Thursday, November 15, 2018

Another new place to sit

via Instagram

Jinx has discovered my basket weaving room and that she can get on the table if she climbs up my leg, to my lap, to the table. She does like to chew on everything, including my weaving materials, so as cute as this picture is she is going to be banned without supervision from getting into things.

Thursday, November 8, 2018

Old Basket/New Kitten

via Instagram

So I got a new kitten last week. She is supper sweet and super chill, but is a little feisty when she wants to be. Besides quickly taking to my other cat and her new home, she has also taken to all of the baskets as well. She loves to sit in any of them that she can get too and apparently on top of, as this has become one of her favorite new places to sit. As long as she doesn't chew on anything I am perfectly fine with her getting into/on top of any of the baskets she wants. The Eric Taylor designed basket behind the one she is pictured sitting in is also one of her favorites. I am having to get after her though as she likes to bite on the handle and rim, which is a definite no-no. I'm never going to be able to keep her out of these, so I might as well train her that chewing on the baskets is definitely against house rules.

Monday, October 29, 2018

Book Binding

Book with Coptic Stitch Binding
via Instagram

I took another fun class at Perennial last week, this time learning how to do Coptic binding. I have wanted to take this class for awhile now, but for various reasons the timing had never worked. It was surprisingly easier than I expected, but we weren't getting overly complicated with our stitch pattern. I look forward to trying another one.

Thursday, October 25, 2018

Black and White Black Ash Basket

via Instagram

I finally finished up this 9” diam. black ash basket that I started back in April. It was started in a mold than woven free-form for the last half. It features a quadrafoil pattern in the base as well as a rim of quadrafoil. I wasn't initially expecting to make the basket this tall, but after weaving up the base and pinning it to the mold I realized I had a lot of upright length if I wanted to play with it. Fortunately I did a pretty good job of centering my uprights otherwise I would have been screwed. As it was I used up every last bit of my stave/upright length. I literally had 1/16" left on a couple of them by the time I had the rim row woven in. I probably ended at a good point as there was just enough room left in between the uprights to fit my lasher through. If I had gone smaller at the rim I would have had to lash with waxed linen or found a narrower lasher.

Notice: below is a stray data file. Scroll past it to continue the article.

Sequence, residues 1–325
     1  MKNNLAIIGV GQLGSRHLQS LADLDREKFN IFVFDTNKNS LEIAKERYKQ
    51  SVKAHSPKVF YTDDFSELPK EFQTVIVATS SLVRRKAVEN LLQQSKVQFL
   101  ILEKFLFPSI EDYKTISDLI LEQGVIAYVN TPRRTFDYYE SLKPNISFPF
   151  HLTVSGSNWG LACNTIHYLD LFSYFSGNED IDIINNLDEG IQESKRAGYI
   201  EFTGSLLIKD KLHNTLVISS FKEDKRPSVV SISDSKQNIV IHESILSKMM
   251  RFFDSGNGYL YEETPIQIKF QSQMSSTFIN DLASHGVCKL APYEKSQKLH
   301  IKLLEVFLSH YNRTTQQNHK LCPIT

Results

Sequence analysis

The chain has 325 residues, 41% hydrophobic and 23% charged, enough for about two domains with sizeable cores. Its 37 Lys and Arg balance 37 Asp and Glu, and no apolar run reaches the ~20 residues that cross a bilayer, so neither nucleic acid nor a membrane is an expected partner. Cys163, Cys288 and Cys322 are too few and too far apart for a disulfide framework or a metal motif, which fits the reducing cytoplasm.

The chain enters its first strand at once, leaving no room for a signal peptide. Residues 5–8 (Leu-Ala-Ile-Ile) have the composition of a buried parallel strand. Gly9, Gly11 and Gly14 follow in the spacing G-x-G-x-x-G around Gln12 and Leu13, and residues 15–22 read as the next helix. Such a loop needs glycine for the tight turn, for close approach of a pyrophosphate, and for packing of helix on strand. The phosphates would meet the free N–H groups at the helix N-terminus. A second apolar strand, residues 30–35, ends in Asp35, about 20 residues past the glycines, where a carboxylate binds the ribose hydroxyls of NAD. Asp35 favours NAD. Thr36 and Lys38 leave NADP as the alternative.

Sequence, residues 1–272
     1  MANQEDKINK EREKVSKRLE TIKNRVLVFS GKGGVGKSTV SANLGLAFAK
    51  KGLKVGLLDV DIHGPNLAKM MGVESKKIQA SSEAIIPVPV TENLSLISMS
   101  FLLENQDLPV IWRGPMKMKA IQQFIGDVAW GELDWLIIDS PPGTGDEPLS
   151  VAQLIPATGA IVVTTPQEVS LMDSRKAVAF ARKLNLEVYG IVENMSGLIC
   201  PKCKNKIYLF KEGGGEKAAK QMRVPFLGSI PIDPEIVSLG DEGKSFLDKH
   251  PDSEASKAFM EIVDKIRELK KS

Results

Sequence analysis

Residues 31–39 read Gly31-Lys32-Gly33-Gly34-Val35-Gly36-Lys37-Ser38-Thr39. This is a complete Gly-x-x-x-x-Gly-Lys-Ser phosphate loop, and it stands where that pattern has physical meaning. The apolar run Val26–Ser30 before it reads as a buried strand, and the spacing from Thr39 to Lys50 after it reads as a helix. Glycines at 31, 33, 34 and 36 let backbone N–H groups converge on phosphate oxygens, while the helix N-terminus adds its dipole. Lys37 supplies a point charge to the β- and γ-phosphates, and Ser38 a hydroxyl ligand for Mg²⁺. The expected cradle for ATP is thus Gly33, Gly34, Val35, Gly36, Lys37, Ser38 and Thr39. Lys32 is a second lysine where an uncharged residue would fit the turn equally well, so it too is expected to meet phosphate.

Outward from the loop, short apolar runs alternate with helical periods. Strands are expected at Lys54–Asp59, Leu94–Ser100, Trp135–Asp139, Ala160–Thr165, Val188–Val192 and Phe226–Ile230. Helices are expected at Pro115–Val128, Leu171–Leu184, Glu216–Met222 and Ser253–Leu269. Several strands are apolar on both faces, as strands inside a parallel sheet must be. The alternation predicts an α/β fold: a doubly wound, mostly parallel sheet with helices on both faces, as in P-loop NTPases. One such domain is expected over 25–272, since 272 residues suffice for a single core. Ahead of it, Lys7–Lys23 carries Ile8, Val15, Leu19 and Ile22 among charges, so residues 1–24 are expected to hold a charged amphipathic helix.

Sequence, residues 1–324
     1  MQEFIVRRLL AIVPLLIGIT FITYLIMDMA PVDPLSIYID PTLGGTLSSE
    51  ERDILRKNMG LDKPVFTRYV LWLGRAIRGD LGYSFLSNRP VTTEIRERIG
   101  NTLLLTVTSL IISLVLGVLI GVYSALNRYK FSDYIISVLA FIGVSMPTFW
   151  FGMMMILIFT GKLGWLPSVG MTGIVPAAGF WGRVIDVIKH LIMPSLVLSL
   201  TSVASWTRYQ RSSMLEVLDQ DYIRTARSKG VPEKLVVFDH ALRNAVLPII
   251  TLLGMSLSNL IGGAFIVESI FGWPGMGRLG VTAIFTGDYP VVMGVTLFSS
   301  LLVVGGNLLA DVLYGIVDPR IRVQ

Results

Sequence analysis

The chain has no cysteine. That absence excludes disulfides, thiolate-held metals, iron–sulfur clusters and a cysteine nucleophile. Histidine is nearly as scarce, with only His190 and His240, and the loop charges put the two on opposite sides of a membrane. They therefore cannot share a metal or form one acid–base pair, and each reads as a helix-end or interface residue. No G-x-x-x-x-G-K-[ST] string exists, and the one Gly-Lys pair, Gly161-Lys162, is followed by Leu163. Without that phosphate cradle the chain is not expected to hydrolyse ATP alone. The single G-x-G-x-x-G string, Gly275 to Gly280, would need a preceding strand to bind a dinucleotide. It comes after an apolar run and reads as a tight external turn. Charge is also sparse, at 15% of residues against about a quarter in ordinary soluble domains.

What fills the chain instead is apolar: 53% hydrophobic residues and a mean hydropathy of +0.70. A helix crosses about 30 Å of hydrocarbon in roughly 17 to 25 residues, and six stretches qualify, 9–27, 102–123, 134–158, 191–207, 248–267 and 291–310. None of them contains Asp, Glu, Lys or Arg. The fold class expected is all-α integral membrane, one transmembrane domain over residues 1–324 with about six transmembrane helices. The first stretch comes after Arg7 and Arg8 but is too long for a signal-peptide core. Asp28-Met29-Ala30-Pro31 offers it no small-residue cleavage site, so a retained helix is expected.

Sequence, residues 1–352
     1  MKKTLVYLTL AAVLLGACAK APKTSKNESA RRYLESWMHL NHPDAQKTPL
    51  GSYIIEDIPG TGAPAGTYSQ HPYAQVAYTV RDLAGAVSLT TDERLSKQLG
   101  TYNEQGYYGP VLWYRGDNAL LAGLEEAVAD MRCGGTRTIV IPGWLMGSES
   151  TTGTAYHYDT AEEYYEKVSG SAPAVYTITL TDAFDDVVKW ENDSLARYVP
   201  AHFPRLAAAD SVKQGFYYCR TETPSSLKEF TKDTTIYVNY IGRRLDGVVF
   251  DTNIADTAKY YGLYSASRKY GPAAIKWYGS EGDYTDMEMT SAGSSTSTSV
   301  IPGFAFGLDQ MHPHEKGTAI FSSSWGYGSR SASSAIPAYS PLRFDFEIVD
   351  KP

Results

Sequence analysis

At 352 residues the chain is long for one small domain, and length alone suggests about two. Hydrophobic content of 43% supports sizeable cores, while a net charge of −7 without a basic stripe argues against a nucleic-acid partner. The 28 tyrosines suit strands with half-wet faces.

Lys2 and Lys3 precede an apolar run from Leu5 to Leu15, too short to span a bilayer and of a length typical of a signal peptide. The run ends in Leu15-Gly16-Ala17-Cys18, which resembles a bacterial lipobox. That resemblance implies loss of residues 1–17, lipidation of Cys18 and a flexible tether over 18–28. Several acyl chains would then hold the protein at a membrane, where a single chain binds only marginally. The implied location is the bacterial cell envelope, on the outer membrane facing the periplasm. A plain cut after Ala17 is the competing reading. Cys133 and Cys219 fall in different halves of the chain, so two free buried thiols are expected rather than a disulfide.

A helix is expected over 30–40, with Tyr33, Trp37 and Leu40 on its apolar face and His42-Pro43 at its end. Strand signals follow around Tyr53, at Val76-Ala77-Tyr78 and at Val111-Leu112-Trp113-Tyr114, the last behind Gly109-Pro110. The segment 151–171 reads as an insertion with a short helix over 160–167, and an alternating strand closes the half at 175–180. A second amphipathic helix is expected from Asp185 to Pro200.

Wednesday, October 24, 2018

Big Hands/Little Baskets

Miniature Black Ash Shaker Cathead Basket

Lashing a one inch black ash Shaker-style kittenhead basket during the JoAnn Kelly Catsos workshop I recently hosted.

All of a sudden my fingers are huge!

Saturday, October 13, 2018

Interesting Basket

via Instagram

I look at this basket every time I go to Artichoke Annie's antique mall outside of Columbia, MO. It is woven of some type of palm frond-type material instead of traditional white oak. The basket had double lids originally, but all that remains are hinge holes in the handle and metal loops on the rim, where there must have been closure hooks. It’s priced at around $300, so I’ve always passed. One of these days (if it is still there) I may break down and buy it.

Friday, September 28, 2018

Two-Tone Painted Basket

via Instagram

I love this beautiful two-toned painted white oak basket. One of my Dad's pickers found in and thought I would want to add it to my collection. He was right!

This basket is a nice smallish size, maybe 13” L x 7” W x 13” H (without handle).

It is always hard to describe the relative size of a basket as there really aren't standard sizes to use as a basis. At first I was going to call this a "small basket", but that makes it sound like it is miniature or something you could hold in the palm of your hand. I think it is easier to describe baskets on either end of the size scale. I think most people would understand and picture the correct scale of a particular basket if you called it "miniature" or "big/large". Even though are still relative terms, but at least you know somebody is getting the gist of what you are try to describe. Now "medium" or "small" start getting into a really gray area. In comparison to a basket you would take to market, this basket is small, but in relative to a basket you would go pick blackberries in, this would be large. If you were comparing this to a basket you wanted to hold magazines, then it would be "medium". I honestly don't think I have cleared anything up here with my explanation...